Atlas Faust, MD
Dark Matter and Dark Energy
These are two words you often hear thrown around and more often that not I come across people who don’t know precisely what they are or even that they are two quite different things. So here we go.
When you take a look at a galaxy you see a certain characteristic known as gravitational lensing where light is warped in a certain way by mass. From this you can deduce an estimate of the mass of the galaxy. However when we compare this to the mass we estimated based on the concentration, size and distribution of visible mass within the galaxy we find the two numbers to be at odds and not only this but the greatest curving of space time is found in the spaces between objects where nothing can be seen. The difference in masses is believed to be caused by the elusive dark matter, so called because it warps spacetime like regular matter but is completely invisible (hence the dark). All in all dark matter constitutes 23% of the mass-energy density of the universe and a worrying 83% of the total amount of matter. The universe is made chiefly of stuff you cannot see.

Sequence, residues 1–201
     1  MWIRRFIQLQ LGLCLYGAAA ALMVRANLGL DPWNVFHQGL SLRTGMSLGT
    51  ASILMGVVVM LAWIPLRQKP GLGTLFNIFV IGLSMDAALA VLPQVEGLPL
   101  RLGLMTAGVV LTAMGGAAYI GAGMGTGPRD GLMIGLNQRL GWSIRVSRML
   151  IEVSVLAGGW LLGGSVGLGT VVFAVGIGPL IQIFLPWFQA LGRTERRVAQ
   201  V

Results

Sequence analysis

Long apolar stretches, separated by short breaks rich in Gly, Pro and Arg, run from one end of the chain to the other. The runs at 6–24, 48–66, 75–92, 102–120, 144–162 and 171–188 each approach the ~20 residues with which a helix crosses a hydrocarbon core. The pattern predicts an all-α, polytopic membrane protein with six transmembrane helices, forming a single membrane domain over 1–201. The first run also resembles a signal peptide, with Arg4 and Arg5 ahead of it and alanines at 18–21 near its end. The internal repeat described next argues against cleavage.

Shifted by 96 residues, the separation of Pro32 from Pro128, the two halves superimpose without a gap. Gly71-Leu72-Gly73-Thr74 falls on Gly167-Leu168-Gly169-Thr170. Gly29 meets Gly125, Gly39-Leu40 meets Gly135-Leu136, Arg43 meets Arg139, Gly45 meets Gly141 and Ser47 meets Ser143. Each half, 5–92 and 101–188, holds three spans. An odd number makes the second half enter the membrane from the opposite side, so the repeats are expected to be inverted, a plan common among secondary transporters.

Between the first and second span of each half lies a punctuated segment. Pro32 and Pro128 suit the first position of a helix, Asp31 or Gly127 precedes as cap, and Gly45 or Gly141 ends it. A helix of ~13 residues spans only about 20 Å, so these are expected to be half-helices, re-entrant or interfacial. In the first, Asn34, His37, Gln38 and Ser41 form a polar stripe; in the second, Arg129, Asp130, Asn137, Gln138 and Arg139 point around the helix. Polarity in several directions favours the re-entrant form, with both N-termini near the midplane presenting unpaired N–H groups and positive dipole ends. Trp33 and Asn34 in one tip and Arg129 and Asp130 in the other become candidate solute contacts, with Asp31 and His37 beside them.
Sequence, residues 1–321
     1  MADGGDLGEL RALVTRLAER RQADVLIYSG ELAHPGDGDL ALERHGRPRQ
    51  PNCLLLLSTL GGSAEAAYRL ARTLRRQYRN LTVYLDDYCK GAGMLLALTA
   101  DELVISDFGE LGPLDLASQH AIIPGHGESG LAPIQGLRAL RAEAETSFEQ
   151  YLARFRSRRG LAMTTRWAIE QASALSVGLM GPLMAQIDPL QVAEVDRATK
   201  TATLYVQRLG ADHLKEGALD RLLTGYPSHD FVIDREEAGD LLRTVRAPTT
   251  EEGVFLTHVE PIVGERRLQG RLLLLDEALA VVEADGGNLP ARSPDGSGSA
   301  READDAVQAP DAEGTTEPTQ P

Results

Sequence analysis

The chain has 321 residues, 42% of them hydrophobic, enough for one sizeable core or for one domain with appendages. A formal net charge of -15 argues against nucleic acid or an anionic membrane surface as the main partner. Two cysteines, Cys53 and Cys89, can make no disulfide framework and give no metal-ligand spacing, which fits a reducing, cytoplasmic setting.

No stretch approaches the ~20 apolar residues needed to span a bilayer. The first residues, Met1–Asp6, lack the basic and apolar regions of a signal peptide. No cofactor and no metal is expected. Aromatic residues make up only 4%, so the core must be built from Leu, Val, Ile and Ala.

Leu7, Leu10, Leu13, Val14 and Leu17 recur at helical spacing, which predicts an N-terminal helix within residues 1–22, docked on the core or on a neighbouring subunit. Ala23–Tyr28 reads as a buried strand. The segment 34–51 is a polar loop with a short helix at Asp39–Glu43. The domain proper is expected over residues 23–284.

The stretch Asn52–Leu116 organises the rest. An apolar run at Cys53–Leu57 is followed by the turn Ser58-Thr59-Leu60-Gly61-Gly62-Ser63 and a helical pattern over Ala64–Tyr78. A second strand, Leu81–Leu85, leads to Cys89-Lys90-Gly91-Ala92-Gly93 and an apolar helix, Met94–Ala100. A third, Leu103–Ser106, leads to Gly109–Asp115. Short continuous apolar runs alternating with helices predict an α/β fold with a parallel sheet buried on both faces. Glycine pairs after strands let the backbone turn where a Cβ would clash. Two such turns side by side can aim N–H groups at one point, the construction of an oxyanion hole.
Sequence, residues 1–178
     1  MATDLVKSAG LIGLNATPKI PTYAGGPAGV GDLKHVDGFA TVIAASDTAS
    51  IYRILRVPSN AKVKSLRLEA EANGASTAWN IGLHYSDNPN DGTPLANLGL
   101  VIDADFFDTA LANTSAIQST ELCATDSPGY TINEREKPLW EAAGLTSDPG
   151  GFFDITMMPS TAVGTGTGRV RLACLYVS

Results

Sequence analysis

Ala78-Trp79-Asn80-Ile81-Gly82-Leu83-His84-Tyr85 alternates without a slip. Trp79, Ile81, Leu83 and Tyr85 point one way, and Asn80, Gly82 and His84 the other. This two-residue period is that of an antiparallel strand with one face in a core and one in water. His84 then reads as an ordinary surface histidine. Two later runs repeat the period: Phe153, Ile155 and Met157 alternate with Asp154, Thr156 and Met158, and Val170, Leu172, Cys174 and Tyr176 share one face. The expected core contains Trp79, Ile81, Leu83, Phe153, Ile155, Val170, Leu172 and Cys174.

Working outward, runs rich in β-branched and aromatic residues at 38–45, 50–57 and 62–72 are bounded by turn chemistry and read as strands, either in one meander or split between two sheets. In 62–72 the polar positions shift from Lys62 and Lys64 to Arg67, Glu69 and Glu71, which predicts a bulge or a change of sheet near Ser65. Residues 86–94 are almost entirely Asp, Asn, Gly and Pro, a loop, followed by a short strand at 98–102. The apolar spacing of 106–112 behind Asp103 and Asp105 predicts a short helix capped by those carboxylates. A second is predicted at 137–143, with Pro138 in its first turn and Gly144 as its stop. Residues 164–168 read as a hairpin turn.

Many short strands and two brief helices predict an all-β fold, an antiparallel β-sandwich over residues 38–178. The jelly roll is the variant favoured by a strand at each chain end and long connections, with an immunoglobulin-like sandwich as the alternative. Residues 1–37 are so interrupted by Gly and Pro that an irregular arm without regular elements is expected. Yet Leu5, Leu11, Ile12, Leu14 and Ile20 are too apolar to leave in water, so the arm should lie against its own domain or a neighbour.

Dark energy is also the answer to a problem, behaving somewhat like the x value in an algebraic equation we’re forced to solve. The problem lays in the fact that the universe is continuing to expand at an ever increasing rate and we have no idea why. When you think about it it really doesn’t make any sense, you would expect the universe’s expansion to slow down or at least stay constant but unfortunately this isn’t the case. Thus we call this mysterious energy that is causing the increasing the rate at which the universe expands “dark energy”.
We really know so very little.